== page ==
Built for more aggressive riding, the Rover has more aggressive brakes. Equipped with Tektro mechanical disc brakes, the Rover’s brakes are very responsive and offer more stopping power than standard v-brakes.
While mechanical disc brakes don’t offer as much stopping power and modulation as hydraulic disc brakes, they are much easier to maintain and provide plenty of stopping power for your average weight kid.
Headset & Saddle
“Oh, this bike rides smooth!” After riding the Rover for the first time, our 8-year-old tester was thoroughly impressed with its responsiveness. From tight turns around our neighborhood circle to zigzags on the bike trail, the Rover happily obliged without any delay or hesitation.
While several different features work together to create the responsiveness of a bike, the bike’s headset plays a major role. The headset is the component that connects the steer tube (the tube that comes up from the fork) to the handlebars of the bike. If there is any wiggle room or play in the steering on a bike, the headset is the first thing to check.
To ensure the ultimate ride, all Pello bikes feature Cane Creek headsets. The leader in headsets for over 10 years, Cane Creek headsets are known for their precision build, durability, and renowned performance.
In fact, we once had a major bike manufacturer send out a new fork for one of our adult bikes when they learned that the fork didn’t fit properly with a Cane Creek headset. They knew that the odds of their fork being manufactured wrong was way more likely than a Cane Creek headset being made wrong.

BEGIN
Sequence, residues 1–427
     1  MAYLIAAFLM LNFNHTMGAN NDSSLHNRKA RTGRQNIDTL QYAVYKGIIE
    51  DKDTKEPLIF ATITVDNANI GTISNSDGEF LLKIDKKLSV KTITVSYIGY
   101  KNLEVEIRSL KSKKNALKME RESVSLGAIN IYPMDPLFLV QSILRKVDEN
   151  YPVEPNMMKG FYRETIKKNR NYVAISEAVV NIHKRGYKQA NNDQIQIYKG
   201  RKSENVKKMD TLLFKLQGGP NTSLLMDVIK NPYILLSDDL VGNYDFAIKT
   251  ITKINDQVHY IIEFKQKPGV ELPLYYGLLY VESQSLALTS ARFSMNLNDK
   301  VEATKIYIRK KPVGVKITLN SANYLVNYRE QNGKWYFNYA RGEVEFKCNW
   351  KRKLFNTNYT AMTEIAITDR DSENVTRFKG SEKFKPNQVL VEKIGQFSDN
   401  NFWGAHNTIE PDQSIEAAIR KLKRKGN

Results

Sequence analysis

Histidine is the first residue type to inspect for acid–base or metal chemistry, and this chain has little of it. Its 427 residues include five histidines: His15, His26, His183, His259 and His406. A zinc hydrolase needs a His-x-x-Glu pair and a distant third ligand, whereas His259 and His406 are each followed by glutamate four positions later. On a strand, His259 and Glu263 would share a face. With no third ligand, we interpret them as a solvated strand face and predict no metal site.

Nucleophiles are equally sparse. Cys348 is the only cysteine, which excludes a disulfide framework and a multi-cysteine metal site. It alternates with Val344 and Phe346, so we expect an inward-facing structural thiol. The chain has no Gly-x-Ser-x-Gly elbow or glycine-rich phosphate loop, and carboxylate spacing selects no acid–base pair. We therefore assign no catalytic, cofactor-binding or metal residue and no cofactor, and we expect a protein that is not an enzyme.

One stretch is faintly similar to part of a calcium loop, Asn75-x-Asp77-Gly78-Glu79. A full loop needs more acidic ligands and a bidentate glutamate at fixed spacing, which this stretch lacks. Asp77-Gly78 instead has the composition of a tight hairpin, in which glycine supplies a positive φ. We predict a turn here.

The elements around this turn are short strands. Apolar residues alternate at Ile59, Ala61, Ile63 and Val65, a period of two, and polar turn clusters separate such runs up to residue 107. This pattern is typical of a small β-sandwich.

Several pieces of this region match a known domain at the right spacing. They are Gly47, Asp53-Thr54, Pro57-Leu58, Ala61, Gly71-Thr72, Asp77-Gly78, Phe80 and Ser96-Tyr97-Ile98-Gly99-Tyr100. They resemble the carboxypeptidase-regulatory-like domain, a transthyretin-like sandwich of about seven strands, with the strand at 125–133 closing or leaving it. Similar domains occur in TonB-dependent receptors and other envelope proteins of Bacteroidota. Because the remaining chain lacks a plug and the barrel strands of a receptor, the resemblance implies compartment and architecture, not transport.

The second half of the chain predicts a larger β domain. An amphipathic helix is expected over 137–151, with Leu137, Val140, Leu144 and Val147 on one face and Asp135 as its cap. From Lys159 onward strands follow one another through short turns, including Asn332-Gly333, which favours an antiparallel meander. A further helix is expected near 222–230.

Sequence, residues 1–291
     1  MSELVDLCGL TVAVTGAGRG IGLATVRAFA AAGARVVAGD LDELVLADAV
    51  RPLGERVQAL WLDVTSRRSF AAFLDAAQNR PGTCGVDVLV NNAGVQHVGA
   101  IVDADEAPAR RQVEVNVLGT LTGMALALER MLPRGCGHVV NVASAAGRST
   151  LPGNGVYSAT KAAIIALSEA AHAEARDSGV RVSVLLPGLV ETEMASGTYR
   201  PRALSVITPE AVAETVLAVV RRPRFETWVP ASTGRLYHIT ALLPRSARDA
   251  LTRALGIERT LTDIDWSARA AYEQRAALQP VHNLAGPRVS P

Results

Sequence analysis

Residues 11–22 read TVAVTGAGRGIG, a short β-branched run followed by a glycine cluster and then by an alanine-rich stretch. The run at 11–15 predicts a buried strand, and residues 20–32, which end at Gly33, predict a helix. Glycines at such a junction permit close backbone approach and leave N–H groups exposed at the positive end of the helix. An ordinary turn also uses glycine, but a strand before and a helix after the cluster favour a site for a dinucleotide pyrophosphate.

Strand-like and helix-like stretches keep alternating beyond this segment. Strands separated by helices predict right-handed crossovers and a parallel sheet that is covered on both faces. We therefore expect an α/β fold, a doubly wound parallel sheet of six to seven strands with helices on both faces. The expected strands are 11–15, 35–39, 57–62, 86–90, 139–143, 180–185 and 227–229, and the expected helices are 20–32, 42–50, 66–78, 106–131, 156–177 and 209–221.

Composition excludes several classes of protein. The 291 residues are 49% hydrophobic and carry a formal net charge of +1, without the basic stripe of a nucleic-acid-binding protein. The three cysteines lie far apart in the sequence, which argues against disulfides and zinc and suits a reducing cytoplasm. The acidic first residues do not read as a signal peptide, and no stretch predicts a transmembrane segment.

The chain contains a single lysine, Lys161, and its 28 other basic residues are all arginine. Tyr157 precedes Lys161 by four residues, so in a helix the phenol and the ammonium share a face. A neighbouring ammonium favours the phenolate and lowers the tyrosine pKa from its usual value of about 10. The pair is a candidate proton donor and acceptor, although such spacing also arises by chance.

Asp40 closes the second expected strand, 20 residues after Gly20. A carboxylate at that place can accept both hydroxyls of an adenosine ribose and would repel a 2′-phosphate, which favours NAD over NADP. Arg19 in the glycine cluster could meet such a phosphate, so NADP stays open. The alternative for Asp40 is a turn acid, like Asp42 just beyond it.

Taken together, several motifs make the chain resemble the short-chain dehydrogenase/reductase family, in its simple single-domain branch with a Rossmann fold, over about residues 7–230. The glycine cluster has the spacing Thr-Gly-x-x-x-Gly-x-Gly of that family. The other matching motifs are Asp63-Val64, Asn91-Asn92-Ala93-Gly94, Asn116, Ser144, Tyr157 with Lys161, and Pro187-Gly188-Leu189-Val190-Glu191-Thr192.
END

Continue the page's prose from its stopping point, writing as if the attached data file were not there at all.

Made with thick padding and grooved for extra comfort, the saddle on the Rover drew no complaints from our testers.
The Pello Rover is unique in that it is designed to fill the niche between an all-around street bike like the woom 4 and Prevelo Alpha and a true mountain bike like the Prevelo Zulu. All four bikes are amazing and well-loved by our testers, but each bike excels better in different circumstances. Which bike is best really depends on what you’re looking to get out of the bike.
|Features||Pello Rover||woom 4||Prevelo Alpha Three||Prevelo Zulu Three|
|Bike (link to review)||Pello Rover||woom 4||Prevelo Alpha Three||Prevelo Zulu Three|
|Best For||Ambitious riders rotating between packed dirt to paved trails||Great all-around, excellent for the average neighborhood rider||Aggressive neighborhood riders and basic trail riders||True mountain rippers needing the ultimate riding machine|
|Weight||20.5 lb.||16.3 lb.||18.9 lb.||23.4 lb.|
|Seat Height||25.25" - 31"||22.1" - 28"||20.7" - 25.5"||22.8" - 28"|
|Shifters||7sp/SRAM Grip||8sp/SRAM Grip||8sp/Shimano Trigger||10sp/Shimano Trigger|
Pello Rover: Best suited for adventurous riders who plan on riding everything from paved bike trails to single track mountain bike trails or pump tracks. With wider, grippy tires and a mechanical disc brakes, the Rover is ready for action. The Rover is also available with an air suspension fork.
woom 4: The ultimate ride for neighborhood riders as well as those who plan on riding longer paved trails. The lightest of the bunch, the woom 4 is also best suited for timid riders.
Prevelo Alpha Three: While not as equipped for mountain biking as the Rover, the Alpha Three is more aggressive than the woom 4 and is best suited for neighborhood riders who are eager to tackle any jump or pump track they come across. Featuring trigger shifters, versus grip shifters, shifting on the Alpha is typically quicker, but takes more time to learn than the grip shifts on the Rover.
Prevelo Zulu Three: The ultimate ride for the true mountain biker. With front air suspension, wide, knobby tires, and hydraulic disc brakes, the Zulu is a true mountain goat.
The Pello Rover is the ideal riding machine for young riders ready to tackle gears and trails for the first time. With premium stopping power, grip shifters for easy learning, and a lightweight quality build, the Rover stands ready to take on whatever your young ripper can throw at it.